The Liberal government recently tabled a new bill that aims to affirm in federal law the United Nations Declaration on the Rights of Indigenous People (UNDRIP).
“And there’s a process requirement that requires us to really work with Indigenous leadership across Canada,” said Justice Minister David Lametti, on Nation to Nation, of Bill C-15.
When asked to provide a concrete example of how UNDRIP would be affirmed in federal law Lametti pointed to legislation passed by the Liberal government last year.
That’s Bill C-91, the Indigenous Languages Act, and C-92, an act that affirms Indigenous jurisdiction of its own child welfare.
Both, Lametti said, were drafted in the spirt of UNDRIP in that they were co-developed by Indigenous groups and the government.
Not so fast said the Crown-Indigenous Relations critic for the federal Conservative party.
Cathy McLeod said the current UNDRIP bill, that still has to work its way through the House of Commons and then the Senate, lacks clarity.
“So the government would appear to have moved forward in a symbolic way but not in a measurable way,” said McLeod.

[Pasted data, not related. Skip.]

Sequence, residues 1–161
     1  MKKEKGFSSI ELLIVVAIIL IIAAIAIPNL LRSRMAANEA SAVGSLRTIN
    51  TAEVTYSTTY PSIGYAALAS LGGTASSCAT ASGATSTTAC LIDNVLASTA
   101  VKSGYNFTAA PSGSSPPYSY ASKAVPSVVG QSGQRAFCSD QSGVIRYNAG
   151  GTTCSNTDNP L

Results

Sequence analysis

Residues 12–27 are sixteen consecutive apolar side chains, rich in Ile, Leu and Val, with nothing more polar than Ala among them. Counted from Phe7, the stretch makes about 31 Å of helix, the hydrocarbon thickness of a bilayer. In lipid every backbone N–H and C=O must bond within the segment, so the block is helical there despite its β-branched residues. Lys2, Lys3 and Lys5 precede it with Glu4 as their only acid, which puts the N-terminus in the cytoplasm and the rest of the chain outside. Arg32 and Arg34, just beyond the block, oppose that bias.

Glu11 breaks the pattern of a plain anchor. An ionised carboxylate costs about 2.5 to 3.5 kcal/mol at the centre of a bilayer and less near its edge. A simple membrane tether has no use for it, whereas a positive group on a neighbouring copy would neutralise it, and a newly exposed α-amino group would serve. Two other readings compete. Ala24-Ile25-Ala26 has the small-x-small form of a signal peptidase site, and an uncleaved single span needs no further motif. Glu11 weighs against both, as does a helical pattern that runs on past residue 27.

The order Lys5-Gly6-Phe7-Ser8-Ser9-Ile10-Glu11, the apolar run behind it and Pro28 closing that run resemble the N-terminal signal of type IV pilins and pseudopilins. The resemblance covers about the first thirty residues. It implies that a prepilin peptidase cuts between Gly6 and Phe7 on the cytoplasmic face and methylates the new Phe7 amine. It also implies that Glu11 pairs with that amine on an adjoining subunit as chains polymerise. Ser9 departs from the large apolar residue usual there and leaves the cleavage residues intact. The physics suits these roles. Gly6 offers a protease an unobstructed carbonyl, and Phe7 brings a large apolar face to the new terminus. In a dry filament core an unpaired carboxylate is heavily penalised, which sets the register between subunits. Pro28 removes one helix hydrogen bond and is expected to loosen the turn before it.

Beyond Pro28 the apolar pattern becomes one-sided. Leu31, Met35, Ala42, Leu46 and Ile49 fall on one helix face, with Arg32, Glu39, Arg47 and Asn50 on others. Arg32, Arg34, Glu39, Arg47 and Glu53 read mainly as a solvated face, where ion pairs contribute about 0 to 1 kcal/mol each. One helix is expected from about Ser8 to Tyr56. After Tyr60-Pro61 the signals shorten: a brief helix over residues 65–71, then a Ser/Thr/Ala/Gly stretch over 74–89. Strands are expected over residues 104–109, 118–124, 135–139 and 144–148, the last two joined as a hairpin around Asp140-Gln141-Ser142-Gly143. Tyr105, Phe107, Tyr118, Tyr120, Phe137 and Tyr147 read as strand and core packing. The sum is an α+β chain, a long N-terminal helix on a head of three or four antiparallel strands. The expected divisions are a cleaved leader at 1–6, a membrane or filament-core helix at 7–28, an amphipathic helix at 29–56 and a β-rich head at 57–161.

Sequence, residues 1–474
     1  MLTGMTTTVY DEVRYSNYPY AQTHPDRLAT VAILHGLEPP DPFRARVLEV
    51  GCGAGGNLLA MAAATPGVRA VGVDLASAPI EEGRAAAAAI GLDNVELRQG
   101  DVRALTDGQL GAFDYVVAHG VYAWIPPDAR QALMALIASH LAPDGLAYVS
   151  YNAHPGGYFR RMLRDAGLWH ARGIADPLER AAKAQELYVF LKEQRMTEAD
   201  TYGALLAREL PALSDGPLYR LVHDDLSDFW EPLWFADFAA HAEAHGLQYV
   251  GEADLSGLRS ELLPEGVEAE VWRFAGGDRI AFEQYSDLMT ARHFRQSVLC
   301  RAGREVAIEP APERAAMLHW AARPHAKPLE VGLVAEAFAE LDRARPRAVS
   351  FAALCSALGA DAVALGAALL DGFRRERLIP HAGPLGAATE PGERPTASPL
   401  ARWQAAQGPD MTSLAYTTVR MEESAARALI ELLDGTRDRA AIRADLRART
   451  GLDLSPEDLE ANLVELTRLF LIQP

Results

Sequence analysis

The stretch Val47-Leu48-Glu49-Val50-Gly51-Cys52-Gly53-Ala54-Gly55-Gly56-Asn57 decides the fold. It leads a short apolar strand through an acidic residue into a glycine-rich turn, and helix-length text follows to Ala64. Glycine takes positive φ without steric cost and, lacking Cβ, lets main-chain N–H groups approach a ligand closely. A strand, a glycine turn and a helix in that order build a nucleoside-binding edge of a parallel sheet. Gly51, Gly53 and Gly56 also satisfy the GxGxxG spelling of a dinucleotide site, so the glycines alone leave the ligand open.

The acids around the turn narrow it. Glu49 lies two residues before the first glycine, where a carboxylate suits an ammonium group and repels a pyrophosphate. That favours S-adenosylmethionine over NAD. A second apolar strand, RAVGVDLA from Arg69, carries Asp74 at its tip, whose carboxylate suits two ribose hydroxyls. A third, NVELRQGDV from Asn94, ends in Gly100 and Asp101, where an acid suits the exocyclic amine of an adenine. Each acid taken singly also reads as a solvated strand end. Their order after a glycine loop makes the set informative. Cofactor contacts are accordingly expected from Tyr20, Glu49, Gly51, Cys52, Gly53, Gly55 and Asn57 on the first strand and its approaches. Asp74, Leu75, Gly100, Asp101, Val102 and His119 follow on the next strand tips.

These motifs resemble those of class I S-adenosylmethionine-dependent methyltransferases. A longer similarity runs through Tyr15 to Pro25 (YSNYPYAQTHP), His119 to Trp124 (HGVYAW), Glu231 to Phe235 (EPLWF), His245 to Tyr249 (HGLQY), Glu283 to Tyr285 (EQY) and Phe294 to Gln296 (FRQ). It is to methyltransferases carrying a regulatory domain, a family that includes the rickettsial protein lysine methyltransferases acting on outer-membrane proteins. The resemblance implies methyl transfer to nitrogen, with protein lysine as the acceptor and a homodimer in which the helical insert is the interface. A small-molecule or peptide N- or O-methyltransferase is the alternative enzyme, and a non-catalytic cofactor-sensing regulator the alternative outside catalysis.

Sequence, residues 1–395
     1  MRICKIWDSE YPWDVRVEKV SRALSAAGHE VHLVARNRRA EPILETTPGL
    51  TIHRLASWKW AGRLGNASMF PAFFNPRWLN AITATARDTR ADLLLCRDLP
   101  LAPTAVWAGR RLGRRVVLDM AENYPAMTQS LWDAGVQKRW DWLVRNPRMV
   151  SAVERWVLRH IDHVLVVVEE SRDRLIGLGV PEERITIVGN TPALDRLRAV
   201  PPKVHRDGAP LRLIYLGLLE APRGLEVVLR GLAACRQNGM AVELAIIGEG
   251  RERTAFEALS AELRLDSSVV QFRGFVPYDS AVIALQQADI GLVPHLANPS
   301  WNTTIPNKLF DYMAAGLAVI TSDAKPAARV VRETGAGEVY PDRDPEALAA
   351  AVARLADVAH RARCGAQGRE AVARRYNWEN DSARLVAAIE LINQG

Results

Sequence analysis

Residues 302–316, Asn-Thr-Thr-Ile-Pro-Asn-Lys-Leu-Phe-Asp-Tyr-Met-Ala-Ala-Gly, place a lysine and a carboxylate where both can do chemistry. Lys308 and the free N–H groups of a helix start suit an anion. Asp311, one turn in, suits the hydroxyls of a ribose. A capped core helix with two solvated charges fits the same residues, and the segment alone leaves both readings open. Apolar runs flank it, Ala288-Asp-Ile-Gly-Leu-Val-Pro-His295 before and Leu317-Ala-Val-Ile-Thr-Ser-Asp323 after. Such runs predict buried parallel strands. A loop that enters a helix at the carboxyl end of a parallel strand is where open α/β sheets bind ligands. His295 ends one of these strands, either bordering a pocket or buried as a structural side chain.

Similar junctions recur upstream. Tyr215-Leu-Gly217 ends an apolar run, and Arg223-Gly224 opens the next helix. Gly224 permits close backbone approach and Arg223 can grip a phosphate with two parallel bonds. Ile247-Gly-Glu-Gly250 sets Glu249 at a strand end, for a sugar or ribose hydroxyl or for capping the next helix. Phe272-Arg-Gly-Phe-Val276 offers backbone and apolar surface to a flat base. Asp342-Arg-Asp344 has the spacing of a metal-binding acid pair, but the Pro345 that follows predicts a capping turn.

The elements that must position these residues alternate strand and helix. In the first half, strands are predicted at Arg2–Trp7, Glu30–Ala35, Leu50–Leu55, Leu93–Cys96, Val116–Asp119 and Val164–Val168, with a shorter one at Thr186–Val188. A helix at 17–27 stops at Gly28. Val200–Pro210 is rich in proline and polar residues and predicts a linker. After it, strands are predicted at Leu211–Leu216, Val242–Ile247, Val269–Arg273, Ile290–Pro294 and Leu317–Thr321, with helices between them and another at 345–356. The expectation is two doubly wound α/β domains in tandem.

McLeod also pointed to the lack of consensus over C-15 at the recent Assembly of First Nations annual chiefs assembly.
“They did not give a motion to support this bill. So if the government is true to its words about free, prior and informed consent. If they can’t get the support of the chiefs at the AFN then I’m not sure that they’re ready to move this bill forward,” she said.
Lametti said there’s time to work with chiefs but also nations to address concerns.
“We’re going to continue to consult where we can with not just national Indigenous groups but regional Indigenous leadership groups as well as nations,” he said.
Catch both of those interviews below.